There are entertaining instances that can leave you smiling baffled, like when Jonathan turns into a fictitious Prem Kotiyal, son of a shipping tycoon from London, a non-resident Indian who was a life member at the club, paving the way to getting himself and his friends live it up by the luxury poolside of “The Palms”, a club patronized by the upper crust of Bandra. Or when he feigns being a journalist working on a tip off to report the drug-ridden rave party that the cops had just bust into, covering up for being part of it in the first place. Add to this his exile from home, his distraught family, an inconsolable actress, two henchmen, from a politician and a multitude of interesting characters and situations.
On varied perception of people, Jonathan says, ‘This country is an original wonderland. It never fails to amaze me.’ For the creatives that he conceptualized using the visual of a snake in their HIV awareness campaign, the sponsors were impressed with it being a universal concept that instilled fear and encouraged people to take action. However, when the symbol was launched, people came up and prayed to it with folded hands and lowered heads, the context being that locals in India worshipped the snake, and had turned it into a symbol of their devotion. There seems to be a parallel to the people he meets, and the community at large itself, as in his words – ‘India is a woman, a puzzling, enigmatic woman. Try as you might, you can never figure her out. You can love her, yes, or feel frustrated by her, but you can never fully understand her.’
Personal demons that constantly catch up with him leave him with sticky decisions that are reflected upon later, like backing off from his otherwise great relationship with Ruchita wondering if he took the right decision leaving her when she had got pregnant. His strong feeling of burdening himself being in a serious commitment lead him to leaving the hapless girl left out quite suddenly. What brings the book together beautifully are the importance of all the minuscule acts of great love and care in our relationships that are otherwise taken for granted, like the stance taken by his mother Karuna Koshy after Priti uses her former husband Thampu Koshy for her professional benefit and then divorces him, leaving him shattered and suicidal. It lets Jonathan reflect on prostitutes he encounters, doing in the role of being mothers so that their kids can leave a better life, and people like Kavita, relentlessly fighting her hatred for a father who abandoned them, in working for the upliftment of the society in all the ways she can.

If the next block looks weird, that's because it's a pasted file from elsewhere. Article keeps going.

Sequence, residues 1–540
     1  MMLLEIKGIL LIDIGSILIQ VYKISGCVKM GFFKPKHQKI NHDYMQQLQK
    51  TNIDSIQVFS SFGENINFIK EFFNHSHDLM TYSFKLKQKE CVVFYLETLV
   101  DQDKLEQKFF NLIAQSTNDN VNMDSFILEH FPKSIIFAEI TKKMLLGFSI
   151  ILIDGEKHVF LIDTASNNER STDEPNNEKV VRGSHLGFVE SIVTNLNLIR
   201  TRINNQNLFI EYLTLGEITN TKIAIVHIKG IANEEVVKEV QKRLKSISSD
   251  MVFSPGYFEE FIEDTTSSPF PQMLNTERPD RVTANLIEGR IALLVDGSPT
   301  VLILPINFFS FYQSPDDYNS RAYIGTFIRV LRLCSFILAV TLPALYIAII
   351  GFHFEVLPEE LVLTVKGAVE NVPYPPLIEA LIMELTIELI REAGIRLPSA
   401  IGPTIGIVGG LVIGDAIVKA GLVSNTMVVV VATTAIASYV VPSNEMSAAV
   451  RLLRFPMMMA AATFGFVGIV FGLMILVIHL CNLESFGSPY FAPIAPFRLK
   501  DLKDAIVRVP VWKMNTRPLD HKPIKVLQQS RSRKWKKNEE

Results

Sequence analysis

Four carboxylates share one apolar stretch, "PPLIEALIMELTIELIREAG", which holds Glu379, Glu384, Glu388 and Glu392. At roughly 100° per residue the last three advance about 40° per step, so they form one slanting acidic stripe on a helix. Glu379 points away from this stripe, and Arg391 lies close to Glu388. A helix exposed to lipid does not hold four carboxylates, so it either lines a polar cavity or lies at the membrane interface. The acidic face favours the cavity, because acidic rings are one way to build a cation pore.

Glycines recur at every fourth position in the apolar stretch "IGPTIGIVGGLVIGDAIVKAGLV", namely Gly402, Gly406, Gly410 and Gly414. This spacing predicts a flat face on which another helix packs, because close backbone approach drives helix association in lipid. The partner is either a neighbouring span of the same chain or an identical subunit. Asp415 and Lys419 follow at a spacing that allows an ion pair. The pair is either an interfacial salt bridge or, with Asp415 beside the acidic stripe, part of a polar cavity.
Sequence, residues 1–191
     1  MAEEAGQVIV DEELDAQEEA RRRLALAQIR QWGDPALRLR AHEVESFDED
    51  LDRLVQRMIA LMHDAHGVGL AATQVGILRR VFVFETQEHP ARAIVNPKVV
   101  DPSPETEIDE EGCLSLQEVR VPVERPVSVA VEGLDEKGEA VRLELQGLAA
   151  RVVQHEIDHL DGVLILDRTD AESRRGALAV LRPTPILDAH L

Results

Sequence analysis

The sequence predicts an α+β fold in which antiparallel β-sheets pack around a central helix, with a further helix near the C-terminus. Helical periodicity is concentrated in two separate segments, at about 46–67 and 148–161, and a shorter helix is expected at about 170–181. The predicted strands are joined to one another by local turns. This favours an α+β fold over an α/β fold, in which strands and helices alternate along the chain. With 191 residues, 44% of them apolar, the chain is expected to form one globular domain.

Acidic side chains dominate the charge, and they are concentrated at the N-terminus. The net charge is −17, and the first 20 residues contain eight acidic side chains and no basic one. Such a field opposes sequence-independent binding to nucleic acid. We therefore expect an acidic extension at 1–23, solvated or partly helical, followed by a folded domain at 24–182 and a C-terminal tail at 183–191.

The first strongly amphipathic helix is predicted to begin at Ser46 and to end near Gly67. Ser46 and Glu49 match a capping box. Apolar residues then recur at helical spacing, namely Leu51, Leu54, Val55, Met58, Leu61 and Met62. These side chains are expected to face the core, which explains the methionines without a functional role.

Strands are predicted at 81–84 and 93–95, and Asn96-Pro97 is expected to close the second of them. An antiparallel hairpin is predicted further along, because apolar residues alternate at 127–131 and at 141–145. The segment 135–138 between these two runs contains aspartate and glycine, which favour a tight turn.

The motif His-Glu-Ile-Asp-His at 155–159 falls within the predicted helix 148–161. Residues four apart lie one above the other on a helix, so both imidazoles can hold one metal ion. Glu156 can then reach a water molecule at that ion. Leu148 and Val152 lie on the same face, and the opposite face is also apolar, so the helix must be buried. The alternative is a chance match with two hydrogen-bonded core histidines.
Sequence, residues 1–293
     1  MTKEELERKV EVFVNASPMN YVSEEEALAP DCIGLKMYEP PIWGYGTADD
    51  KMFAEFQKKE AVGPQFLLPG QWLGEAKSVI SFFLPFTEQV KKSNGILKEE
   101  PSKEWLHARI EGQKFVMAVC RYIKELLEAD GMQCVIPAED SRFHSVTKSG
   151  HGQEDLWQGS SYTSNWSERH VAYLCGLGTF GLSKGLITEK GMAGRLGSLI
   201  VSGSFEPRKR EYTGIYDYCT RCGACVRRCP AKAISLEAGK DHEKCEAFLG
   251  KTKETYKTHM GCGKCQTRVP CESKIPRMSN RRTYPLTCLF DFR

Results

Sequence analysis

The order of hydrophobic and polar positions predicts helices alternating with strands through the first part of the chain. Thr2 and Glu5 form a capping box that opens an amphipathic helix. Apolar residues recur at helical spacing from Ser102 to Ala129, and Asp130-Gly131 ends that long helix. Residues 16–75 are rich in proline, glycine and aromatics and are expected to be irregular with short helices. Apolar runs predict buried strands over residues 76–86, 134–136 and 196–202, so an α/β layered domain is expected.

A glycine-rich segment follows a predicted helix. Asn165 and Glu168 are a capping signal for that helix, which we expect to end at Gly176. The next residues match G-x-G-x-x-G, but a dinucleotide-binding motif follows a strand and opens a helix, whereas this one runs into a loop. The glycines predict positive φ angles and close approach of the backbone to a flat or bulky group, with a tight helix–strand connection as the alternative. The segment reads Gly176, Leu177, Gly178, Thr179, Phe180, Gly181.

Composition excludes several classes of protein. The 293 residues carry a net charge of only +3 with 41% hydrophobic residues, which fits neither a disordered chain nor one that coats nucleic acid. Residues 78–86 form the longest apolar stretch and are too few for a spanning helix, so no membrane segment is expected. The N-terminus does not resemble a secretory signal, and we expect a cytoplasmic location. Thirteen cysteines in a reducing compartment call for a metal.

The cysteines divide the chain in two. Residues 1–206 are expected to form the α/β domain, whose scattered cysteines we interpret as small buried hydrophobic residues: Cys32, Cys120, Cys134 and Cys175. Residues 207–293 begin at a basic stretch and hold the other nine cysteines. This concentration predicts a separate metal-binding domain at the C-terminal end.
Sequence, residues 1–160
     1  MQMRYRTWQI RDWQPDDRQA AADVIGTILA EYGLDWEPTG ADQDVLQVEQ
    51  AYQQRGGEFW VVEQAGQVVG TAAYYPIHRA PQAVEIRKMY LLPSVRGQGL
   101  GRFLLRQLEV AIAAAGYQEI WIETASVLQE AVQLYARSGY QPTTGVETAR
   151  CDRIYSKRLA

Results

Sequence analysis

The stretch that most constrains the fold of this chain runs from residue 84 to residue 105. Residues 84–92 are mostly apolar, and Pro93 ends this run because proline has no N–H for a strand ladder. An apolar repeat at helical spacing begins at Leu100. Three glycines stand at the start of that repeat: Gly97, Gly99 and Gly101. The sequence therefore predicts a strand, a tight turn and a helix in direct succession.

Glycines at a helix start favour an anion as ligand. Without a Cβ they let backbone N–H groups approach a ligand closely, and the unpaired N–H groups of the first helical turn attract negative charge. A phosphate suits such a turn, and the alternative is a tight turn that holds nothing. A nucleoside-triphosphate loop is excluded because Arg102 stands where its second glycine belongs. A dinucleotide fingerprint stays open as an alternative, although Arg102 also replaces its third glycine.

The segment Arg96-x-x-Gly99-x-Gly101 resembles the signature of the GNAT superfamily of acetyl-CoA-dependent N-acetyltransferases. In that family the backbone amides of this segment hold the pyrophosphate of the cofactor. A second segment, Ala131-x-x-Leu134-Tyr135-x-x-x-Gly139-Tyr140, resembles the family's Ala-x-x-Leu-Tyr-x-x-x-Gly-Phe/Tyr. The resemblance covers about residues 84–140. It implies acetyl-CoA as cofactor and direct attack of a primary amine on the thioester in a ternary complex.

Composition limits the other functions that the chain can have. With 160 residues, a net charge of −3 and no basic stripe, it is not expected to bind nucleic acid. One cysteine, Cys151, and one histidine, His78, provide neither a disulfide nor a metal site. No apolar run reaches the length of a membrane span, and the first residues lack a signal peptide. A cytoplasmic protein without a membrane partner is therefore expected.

My takeaway from this reading is the witty and spirited attitude Jonathan rebounds adverse situations with, coupled with his dynamic sense of humour. And the journey, the passing, emphasizing redemption for those who persist till the end. Also on the ideation and effort behind the book itself, every land accommodates mindsets of all kinds of people, and that shouldn’t be a setback for any unbiased creative work, I think to myself as I await the third book.
Would you either be an osteologist, a physical anthropologist, or a zooarcheologist (spellings and meanings checked, yes) or the like, if encountering skulls and bones are your everyday? Or you’re probably dead, in which case, it is some small comfort if you stop reading this right here.
But what initially seems an extraordinary obsession with the dark side in ‘Man and the Skull’, a series of narrative illustrations by Clyde D’ Mello and curated by Ravi Cavale, will leave you bewildered with its turbulent tints of emotions ranging from the routine to the repressed. And perhaps, you progress with viewing each of the pieces only to be hurtled back into a kaleidoscope of timelines known within a life cycle, spurred by Clyde’s illustrations in pen and ink and the occasional daub of colours, and writing; very raw and personalized in its fluidity and echoing the experiential journey of exploring the roots of coffin making by his grandfather.
Also, it seems fascinating that skeletal structures can be remnants for hundreds of years, long after the dead are buried, decayed and gone, remnants with no life of their own, and yet present as physical tangible entities, proof of the living. Can it be a representational dialogue between the states of life and death? And perhaps, what lies in between? Do they let you confront and shake off certain fears? And in the entire process, does it immortalize the very idea and question of the cycle of life and death itself?
Waking up to the horror of your own reality, and the realization of the dark truth of itself buried somewhere within is probably what will leave you shocked.
Or will it?
‘All are parallels, and yet there is nothing similar.’
Delving into personal experiences, interpreting religious scriptures and analysing historical anecdotes, Christopher Hitchens hurls radical questions on the very concept of God-a man made consolation. But can science and reason, entirely on their own, present answers to many constantly hovering questions? Isn’t it overly judgemental to discard a faith altogether, if a part of its followers are damagingly fanatic? Something to ponder over. #throwbackthursday